At one time, Chief Information Security Officers were most found in heavily regulated areas such as healthcare organizations, or financial institutions. Still, as the threat landscape has evolved, an increasing number of organizations need strong security leadership. However, for a growing, or even an established company, the decision to add a C-level leader is a big one. Here are four signs your organization needs a Chief Information Security Officer:
Because the Feds said so
Regulatory requirements are one of the biggest drivers for adding an executive-level security leader. Both international leaders and the federal government have underscored the importance of stronger cybersecurity across all industries.
Specifically, the Securities and Exchange Commission proposed amendments designed to enhance its standards around cybersecurity strategy, governance, risk management, and incident reporting by public companies. This would require organizations to rethink their approach to:
- Incident reporting, providing more frequent reporting on
- Policies and procedures to identify and manage risk,
- Board of directors’ oversight of security risk,
- And how management assesses risk and implements policies and procedures.
These activities are best managed by a C-level security professional with both the business experience and technical expertise to effectively address the requirements of the government and on behalf of the board of directors.
At the state level, New York is an early adopter of enhanced organizational security requirements applicable to financial service companies licensed to operate in New York, which includes banks, mortgage loan providers, and insurance companies. These requirements include conducting a yearly risk assessment, periodic penetration tests and vulnerability assessments, and incident disclosure procedures. Even this partial list likely falls out of the scope and capability of an existing IT team. Adding a dedicated executive leader will go a long way to meet these demands.
You’re looking for some funding
Maturing startups seeking Series A or Series B funding increasingly see requests for cybersecurity preparedness information as part of a fund manager’s due diligence. Organizational leaders must be prepared to answer questions about their organization’s cybersecurity maturity, understanding of their threat landscape, ability to detect and respond to a breach, readiness in line with regulatory requirements and best practices, exposure, and cyber insurance coverage.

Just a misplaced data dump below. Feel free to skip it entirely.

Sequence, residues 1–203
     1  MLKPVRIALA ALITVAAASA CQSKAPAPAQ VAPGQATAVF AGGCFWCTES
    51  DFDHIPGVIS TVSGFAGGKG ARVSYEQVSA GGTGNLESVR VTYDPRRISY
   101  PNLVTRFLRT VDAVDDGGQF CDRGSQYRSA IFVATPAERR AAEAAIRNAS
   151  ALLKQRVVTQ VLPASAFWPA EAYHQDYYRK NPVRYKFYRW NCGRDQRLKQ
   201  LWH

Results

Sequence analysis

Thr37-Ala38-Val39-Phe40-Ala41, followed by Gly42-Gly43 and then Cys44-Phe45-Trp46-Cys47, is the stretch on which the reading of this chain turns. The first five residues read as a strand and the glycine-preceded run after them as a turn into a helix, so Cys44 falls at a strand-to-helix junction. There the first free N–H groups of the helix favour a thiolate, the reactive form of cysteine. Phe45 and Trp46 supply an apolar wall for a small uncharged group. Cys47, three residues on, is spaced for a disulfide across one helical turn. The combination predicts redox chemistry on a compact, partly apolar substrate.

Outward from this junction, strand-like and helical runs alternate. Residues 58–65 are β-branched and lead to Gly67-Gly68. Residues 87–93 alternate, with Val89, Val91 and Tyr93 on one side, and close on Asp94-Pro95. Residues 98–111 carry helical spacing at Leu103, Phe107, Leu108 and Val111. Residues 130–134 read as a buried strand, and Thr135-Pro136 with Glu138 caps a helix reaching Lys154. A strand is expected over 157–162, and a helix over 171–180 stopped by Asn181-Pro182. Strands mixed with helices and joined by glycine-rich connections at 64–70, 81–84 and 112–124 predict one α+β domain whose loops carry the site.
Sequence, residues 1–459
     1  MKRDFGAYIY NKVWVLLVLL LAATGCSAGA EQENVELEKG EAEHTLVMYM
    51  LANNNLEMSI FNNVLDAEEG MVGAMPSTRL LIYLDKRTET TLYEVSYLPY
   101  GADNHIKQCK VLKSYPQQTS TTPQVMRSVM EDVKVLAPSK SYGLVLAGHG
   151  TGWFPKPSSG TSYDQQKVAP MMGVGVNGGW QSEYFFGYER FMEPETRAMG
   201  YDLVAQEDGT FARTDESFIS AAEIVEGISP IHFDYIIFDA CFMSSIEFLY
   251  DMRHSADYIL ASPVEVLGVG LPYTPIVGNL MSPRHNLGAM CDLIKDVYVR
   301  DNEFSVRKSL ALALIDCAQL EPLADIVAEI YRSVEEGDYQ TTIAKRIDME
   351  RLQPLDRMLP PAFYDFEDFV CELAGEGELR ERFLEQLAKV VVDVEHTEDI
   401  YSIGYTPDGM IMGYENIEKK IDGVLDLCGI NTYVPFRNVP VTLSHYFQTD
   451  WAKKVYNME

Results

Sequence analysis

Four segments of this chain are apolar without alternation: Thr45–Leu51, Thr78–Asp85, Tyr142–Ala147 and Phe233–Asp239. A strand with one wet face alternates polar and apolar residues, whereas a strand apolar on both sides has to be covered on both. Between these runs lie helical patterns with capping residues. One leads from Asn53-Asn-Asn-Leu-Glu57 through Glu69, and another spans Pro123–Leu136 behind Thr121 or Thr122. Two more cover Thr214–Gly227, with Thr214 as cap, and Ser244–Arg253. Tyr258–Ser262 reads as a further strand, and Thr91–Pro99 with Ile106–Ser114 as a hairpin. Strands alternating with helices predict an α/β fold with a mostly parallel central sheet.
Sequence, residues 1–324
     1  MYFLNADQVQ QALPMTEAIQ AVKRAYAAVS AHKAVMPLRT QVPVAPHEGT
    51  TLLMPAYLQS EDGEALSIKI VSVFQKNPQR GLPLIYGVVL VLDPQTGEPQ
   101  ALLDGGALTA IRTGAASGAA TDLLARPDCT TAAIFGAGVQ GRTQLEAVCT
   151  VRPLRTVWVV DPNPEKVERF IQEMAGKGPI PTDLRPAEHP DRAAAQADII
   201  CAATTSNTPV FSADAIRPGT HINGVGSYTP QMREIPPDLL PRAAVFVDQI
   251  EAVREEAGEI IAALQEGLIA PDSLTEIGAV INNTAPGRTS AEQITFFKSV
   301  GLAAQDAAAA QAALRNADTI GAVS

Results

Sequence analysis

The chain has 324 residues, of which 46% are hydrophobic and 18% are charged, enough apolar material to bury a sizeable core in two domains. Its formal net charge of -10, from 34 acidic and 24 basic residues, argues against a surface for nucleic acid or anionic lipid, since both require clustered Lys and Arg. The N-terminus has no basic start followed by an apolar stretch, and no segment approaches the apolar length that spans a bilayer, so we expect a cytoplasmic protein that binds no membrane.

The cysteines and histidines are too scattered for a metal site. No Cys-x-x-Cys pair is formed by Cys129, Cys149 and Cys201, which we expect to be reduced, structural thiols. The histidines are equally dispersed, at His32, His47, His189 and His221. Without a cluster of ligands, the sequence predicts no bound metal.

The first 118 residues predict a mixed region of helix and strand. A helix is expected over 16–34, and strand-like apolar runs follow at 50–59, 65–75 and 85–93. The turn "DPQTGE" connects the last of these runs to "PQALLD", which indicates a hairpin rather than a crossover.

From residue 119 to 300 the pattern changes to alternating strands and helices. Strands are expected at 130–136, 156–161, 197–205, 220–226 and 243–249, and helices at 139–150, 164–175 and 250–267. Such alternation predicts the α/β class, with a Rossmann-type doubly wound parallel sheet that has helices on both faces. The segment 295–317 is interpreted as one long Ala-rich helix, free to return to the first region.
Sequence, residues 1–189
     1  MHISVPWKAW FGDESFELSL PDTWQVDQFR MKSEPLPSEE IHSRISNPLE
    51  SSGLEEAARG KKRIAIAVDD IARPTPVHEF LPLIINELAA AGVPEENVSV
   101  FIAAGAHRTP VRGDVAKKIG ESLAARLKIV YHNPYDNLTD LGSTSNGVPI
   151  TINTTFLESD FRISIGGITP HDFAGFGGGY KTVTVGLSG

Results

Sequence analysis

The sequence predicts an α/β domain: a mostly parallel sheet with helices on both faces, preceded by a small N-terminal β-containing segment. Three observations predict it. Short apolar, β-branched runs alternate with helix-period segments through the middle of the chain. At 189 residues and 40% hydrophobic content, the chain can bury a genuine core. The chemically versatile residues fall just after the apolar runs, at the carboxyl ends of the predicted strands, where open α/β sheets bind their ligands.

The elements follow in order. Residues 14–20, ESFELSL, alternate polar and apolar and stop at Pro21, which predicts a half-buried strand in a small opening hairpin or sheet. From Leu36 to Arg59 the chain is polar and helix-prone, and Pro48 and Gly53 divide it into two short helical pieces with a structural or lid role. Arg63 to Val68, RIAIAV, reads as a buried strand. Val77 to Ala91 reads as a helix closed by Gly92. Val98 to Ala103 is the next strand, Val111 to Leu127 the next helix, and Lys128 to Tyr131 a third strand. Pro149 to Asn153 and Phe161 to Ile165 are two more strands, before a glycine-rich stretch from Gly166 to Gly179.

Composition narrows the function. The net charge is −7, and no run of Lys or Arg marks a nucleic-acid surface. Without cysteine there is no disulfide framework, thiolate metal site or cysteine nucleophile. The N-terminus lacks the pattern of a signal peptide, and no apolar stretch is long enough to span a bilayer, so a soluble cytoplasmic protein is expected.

This level of security preparation may not have been feasible for a growing organization while scaling the company, but it will be imperative for continued growth. Having an experienced cybersecurity leader can help organizations prepare for these conversations.
A whale is tugging on your line
For any business landing a whale is a high-risk, high-reward opportunity, but they tend to have higher levels of risk aversion than smaller, more nimble counterparts. Like working with a fund manager, whales will likely include cybersecurity in their due diligence.
Rather than walking away from a tremendous opportunity, invest in a cybersecurity leader to develop a formalized strategy so you’re ready when a whale comes calling.
You experienced a cybersecurity incident
Organizations of all sizes and in any industry are at risk for a cybersecurity breach. In the aftermath of an event, bringing in a leader to help with remediation and shore up your strategy can help regain your organizational confidence and enhance your security posture.
Additionally, a CISO can help identify potential gaps in your organizational readiness and recommend strategies and actions to move the organization forward.
If any of the items above apply to you, it’s time to consider how a Chief Information Security Officer can fit into your organization. As we’ve noted before, the CISO role is constantly evolving. In addition to their growing scope, new models for how CISOs can support organizations are more popular than ever. Virtual or Fractional CISOs can offer the support needed in the scenarios described above at a lower cost and a shorter engagement period than hiring a traditional CISO. If you’re ready to understand how a vCISO can help your organization, let’s talk.